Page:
The Harvard Business Review released an article, “Restoring American Competiveness,” which highlights opportunities to rebuild the industrial commons. Industrial commons are the foundation of innovation by providing competitiveness, R&D know-how, advanced processing developments, and manufacturing and engineering skills related to that particular industry. They are vital to the economic growth and competitive advantage U.S. companies need in today’s global market.
The decline in these commons existence is largely due to companies outsourcing development and manufacturing work abroad. Without these resources, the U.S. is losing the knowledge base, skilled people, and suppliers needed to manufacture many of the cutting-edge products it invented. Not only that, but the capability to produce new high-tech products is rapidly diminishing.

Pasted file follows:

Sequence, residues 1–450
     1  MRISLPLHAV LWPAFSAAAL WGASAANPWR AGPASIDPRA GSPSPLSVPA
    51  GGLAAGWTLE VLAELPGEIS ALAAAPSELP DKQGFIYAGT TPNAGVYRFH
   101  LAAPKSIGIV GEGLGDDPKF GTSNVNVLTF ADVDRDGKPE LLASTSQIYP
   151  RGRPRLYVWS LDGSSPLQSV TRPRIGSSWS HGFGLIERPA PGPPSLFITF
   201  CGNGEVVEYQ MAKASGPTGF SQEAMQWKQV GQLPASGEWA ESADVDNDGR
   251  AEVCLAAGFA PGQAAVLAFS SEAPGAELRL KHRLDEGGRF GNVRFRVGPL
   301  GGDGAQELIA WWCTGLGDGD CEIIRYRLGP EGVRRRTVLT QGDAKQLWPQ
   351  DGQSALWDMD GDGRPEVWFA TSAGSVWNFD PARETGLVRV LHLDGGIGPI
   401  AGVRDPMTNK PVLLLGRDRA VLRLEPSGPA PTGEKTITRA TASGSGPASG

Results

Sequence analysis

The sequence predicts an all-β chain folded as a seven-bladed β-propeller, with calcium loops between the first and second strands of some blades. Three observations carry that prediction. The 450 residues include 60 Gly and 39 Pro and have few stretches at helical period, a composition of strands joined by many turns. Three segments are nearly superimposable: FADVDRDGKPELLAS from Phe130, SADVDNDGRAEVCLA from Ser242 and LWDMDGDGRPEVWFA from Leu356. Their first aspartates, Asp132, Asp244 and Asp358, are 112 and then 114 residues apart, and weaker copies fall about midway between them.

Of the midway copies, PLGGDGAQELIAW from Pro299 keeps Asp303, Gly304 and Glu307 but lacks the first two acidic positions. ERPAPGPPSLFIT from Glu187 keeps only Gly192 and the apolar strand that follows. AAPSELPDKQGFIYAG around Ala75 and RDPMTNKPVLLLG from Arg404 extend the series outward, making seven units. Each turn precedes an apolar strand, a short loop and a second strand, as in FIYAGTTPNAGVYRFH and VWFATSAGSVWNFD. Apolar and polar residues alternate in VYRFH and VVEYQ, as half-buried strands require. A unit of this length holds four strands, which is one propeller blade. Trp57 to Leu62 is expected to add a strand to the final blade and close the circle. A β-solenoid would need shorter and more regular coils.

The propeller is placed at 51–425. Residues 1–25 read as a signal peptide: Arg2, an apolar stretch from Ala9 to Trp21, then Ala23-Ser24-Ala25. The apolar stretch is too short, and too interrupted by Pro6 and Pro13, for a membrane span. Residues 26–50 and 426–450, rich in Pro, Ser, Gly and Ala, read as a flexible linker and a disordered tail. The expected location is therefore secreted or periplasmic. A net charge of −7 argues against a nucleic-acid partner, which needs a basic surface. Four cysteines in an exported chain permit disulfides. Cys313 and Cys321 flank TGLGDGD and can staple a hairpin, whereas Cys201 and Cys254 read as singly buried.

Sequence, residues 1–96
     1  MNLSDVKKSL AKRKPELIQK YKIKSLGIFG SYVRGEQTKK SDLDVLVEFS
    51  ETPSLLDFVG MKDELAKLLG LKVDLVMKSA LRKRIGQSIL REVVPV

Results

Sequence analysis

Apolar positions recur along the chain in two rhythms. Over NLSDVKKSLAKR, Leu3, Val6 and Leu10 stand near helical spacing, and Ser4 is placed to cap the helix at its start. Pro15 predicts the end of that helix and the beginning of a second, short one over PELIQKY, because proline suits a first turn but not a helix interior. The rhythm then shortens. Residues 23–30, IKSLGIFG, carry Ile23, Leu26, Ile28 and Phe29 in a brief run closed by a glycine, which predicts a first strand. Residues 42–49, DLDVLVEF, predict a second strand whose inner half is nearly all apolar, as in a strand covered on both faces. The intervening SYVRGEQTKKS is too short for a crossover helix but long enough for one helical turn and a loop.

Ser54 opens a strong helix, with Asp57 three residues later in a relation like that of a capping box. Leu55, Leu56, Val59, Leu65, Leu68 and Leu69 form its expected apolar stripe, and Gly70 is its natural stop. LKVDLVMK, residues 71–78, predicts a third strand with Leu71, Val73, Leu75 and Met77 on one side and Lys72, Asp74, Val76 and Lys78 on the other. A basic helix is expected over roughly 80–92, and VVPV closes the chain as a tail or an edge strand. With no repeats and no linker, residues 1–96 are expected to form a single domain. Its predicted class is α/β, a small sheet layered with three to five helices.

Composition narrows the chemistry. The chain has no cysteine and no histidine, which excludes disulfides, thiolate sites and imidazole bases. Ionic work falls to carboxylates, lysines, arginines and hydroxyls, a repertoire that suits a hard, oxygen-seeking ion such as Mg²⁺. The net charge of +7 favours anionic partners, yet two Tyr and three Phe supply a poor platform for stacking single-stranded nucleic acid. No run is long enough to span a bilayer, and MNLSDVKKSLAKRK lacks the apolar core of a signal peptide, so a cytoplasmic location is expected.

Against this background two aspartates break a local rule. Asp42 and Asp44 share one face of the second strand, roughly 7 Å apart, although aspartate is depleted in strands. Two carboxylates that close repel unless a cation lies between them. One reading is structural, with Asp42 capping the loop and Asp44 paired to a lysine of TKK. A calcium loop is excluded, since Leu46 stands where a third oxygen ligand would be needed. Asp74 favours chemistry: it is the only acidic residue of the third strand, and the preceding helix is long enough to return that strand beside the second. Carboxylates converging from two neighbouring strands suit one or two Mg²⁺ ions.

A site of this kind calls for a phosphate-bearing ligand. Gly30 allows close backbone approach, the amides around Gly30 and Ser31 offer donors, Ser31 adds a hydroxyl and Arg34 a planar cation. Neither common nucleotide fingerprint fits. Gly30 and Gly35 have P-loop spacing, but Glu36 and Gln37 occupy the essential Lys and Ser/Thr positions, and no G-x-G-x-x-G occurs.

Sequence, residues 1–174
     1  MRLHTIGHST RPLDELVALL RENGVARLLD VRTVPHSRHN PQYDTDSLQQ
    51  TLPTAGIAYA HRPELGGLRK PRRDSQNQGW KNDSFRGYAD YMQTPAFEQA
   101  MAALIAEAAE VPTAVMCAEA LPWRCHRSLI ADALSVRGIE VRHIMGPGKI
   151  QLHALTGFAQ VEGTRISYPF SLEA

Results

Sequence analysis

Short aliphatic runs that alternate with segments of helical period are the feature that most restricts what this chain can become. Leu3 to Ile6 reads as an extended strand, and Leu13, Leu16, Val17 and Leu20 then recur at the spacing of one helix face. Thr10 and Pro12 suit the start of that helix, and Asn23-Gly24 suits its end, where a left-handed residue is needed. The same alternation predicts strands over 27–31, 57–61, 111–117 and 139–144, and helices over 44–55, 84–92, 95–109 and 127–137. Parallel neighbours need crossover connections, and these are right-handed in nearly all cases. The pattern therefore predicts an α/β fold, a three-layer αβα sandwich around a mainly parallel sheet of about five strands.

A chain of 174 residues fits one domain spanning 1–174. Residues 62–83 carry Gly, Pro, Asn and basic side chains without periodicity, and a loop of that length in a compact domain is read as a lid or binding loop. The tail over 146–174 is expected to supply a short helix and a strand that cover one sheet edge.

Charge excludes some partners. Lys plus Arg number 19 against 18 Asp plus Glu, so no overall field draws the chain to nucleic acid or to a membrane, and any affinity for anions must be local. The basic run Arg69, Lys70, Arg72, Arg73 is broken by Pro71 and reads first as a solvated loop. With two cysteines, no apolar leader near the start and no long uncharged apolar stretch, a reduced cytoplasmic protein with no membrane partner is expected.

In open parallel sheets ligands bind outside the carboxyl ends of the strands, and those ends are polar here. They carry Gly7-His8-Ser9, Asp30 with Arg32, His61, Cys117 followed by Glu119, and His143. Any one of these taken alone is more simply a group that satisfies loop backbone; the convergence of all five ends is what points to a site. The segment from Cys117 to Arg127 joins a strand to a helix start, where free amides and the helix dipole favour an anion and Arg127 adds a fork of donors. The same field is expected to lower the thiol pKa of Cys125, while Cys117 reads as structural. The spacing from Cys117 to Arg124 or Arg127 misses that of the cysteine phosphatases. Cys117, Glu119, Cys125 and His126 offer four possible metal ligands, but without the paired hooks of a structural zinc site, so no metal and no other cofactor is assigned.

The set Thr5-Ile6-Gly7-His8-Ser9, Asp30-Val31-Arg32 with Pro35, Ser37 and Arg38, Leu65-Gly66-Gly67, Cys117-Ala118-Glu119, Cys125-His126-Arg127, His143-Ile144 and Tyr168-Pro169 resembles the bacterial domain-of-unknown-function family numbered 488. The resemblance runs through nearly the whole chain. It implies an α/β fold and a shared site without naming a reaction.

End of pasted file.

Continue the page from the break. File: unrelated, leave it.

“For example, nearly every U.S. brand of notebook computer, except Apple, is now designed in Asia, and the same is true for most cell phone and many other hand-held electronic devices.”
The article suggests government intervention, not in the sense of bailouts, but to grow its funding support of basic and applied scientific research that allows the commons to prosper. These commons provide companies the capabilities to share and fuel ideas off of one another and bring enormous competitive advantages to those who reside in the commons.
“…It is in the interests of Washington and all companies that operate in the U.S. to work together to reinvigorate the country’s industrial commons. Washington’s interest is obvious: to revitalize the all-import high-tech sector. Why should companies care? America is an important market. If a company, regardless of its nationality, is a player there, building or sustaining local capabilities is in its interest. Beyond that, a commons, regardless of where in the world it’s located, can be a source of long-term competitive advantage for all its members.”
For the full article, please visit hbr.org.